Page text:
Friday, September 23, 2016

Life After Death: Richard Christy Watches the Damned

Millions of radio listeners know Richard Christy from his work on the legendary Howard Stern Show, but Metal fans and serious drumming aficionados know him as one of the most innovative players in the genre. Already a major player in the underground music scene for his work with the mighty Death long before he joined Stern and Co., Christy has continued to solidify his reputation through his ongoing project, Charred Walls of the Damned.

Featuring former Judas Priest singer Tim “Ripper” Owens, guitarist Jason Suecof and master bassist Steve DiGiorgio (Sadus/Death/Testament), the band unleashes their first album in five years (and third overall), Creatures Watching Over the Dead, today on Metal Blade Records. The record represents the latest evolution in Christy’s creative partnership with Suecof, whose credits as an in-demand producer include Death Angel, Deicide, Cryptopsy, Motionless In White, Job For A Cowboy and Battlecross.

“Jason produces so many bands; I think that’s definitely influenced him,” Christy says. “Jason’s a big part of our songwriting. I write all of our music and play everything on our demos. Then, Jason and I get together for pre-production, and he has a big hand in shaping these songs. I think the more experience he gets in the studio, the better songwriter he becomes. I think that’s definitely evident on this new album. I think we’ve done our best job of just writing really catchy, melodic songs. It’s like anything; the more you do it, the better you become at it. After doing two albums, I kind of know exactly what we need to do to write good songs now. We kind of have our sound now, and I know what people are kind of expecting to hear. From experience comes better songwriting.”

Longtime fans of Owens’ bulletproof voice are in for another treat on Creatures Watching Over the Dead, which features some of his most powerful performances to date.

“Tim’s voice is so strong now because he tours so much. A lot of times, we’ll record our albums after we’ve been on tour, and his voice is just incredibly strong. When we did this album, the vocals just took four days. His voice never went out on him once; he never got hoarse.”

Of course, Christy’s vision for Charred Walls of the Damned is also helped along by the ongoing involvement of one of the genre’s greatest bassists. 

“I’ve been playing with Steve for a long time. I don’t know if a lot of people even know that back in ’97 when I first joined Death, he flew to Florida and played on demos for [1998's] The Sound of Perseverance. I was like freaking out when I met him because I’ve been a fan of his playing since Sadus, and [Death’s 1991 album] Human was probably my favorite Metal album of all time – although the bass was a little hard to hear on it... When I met Steve in 1997, it was such an honor. We got to practice together, and we really locked in perfectly. It’s fun to play with a bass player who is able to follow every little nuance that you do on drums. He picks up on every little roll and every little cymbal accent that I do.”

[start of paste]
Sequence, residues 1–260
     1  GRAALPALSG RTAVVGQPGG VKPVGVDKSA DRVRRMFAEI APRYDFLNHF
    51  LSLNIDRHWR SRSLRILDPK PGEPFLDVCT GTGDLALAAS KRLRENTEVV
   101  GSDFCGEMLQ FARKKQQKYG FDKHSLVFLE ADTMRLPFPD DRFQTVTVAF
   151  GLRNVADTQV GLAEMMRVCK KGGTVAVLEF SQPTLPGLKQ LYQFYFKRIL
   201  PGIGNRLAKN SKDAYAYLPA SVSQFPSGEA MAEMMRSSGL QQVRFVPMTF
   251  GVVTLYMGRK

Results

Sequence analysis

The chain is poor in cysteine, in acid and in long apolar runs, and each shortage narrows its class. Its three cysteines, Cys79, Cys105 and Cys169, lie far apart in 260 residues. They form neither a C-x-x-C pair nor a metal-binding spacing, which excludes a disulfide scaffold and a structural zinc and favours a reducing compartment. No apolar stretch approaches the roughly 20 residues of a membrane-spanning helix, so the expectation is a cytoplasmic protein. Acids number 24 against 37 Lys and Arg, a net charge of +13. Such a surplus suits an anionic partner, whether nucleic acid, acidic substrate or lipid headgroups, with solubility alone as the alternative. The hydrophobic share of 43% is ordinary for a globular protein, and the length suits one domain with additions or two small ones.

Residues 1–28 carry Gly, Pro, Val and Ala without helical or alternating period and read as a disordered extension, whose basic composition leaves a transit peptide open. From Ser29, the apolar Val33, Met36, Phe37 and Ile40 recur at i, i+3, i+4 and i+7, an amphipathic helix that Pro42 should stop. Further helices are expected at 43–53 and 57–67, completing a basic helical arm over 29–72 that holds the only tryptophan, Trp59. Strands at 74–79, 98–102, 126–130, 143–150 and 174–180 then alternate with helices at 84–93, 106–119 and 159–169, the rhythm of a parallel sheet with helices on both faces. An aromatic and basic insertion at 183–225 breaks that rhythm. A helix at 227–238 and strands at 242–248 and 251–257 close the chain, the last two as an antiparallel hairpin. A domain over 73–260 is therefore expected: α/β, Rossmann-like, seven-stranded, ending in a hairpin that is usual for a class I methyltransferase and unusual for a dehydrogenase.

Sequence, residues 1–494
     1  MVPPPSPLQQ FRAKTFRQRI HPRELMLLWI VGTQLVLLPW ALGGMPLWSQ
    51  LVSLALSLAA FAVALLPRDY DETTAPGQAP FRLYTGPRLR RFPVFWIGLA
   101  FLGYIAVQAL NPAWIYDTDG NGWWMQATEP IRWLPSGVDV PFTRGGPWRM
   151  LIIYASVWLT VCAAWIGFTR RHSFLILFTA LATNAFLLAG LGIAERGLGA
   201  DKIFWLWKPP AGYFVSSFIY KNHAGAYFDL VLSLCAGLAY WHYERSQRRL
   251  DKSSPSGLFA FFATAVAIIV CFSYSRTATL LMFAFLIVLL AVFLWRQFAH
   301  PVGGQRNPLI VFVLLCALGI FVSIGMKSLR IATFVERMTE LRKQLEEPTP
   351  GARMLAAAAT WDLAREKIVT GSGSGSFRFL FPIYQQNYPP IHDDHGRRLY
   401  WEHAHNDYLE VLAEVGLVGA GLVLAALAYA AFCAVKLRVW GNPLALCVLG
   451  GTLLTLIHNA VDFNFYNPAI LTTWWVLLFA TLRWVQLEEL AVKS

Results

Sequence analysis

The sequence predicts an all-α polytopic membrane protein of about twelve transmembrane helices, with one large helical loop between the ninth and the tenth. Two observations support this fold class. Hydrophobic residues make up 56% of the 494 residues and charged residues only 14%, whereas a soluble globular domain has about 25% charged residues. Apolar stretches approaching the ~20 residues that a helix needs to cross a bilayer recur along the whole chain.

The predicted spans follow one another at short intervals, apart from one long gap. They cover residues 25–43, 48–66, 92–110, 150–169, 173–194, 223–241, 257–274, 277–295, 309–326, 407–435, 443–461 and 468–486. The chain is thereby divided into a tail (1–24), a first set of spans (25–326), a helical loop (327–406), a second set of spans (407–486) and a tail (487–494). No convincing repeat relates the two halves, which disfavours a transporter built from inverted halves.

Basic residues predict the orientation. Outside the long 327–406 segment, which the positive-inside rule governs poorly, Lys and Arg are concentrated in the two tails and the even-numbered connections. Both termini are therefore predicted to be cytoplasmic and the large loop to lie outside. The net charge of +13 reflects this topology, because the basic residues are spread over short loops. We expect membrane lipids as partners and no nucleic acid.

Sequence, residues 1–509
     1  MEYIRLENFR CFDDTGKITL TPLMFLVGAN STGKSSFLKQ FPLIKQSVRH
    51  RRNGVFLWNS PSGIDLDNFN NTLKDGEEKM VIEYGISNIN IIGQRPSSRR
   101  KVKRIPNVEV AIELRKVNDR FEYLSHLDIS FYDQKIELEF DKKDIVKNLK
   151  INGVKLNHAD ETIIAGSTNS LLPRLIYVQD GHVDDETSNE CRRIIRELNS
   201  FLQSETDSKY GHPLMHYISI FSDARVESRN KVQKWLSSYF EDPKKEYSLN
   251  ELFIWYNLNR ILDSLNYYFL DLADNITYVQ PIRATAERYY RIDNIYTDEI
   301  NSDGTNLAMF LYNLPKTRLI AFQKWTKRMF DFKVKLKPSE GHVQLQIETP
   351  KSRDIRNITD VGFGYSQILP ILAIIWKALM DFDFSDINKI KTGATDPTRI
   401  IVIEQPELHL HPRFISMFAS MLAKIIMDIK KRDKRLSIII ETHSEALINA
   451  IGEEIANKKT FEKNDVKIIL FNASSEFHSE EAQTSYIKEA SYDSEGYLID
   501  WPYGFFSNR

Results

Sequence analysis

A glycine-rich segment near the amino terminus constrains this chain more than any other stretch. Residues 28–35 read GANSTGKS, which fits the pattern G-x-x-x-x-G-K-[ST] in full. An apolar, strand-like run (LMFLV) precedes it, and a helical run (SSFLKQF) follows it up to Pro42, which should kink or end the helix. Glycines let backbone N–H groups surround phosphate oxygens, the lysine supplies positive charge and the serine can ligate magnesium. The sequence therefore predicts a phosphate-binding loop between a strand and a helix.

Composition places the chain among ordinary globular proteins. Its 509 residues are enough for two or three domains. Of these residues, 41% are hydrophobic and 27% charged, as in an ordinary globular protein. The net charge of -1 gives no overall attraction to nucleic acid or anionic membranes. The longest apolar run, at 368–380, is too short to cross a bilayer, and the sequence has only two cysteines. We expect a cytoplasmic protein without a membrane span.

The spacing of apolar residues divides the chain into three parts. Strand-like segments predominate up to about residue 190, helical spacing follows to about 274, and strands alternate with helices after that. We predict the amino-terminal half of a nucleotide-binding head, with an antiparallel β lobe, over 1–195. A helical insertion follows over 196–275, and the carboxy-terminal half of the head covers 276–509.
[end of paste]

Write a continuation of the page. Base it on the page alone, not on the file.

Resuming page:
While Christy has been involved in numerous projects over the years (including drumming on former Prong guitarist Monte Pittman’s new album, Inverted Grasp of Balance, alongside bass legend Billy Sheehan), he’s most at home with Charred Walls of the Damned.  

“It’s very satisfying for me as a songwriter and a drummer to have this band. There are certain songs where I allow myself to go crazy on the drums, like the song ‘The Soulless,’ and there are other songs where I want the song to kind of shine through, with the vocals or the guitar or something, so I’ll lay back a little bit. I’ve learned a lot [about] being a songwriter in addition to being a drummer. By having this band, I’ve been able to really just concentrate [on this as] my main musical thing now… With my day job and this band, I really don’t have a lot of time to play on a lot of other albums, so I am able to focus on Charred Walls of the Damned.”

Considering Christy’s high-profile gig with Stern, it comes as no surprise that the band’s fanbase is expanding beyond traditional headbangers.

“Howard played our new song ‘The Soulless’ and he really liked it. I was freaking out; I was so happy that he liked the song. It’s cool when you can get people who wouldn’t normally listen to Metal to like one of your songs. That’s always pretty awesome. A lot of people who listen to the Stern show have reacted very positively to Charred Walls of the Damned, especially ‘The Soulless.’ I’m really psyched about that. It’s a challenge to write a Metal album that Metalheads are going to love, but also [one that] maybe other people who normally wouldn’t be Metalheads would love.”

As Christy continues to earn international recognition as one of the strongest drummers in today’s Metal scene, he is quick to offer credit and respect to those who inspired him.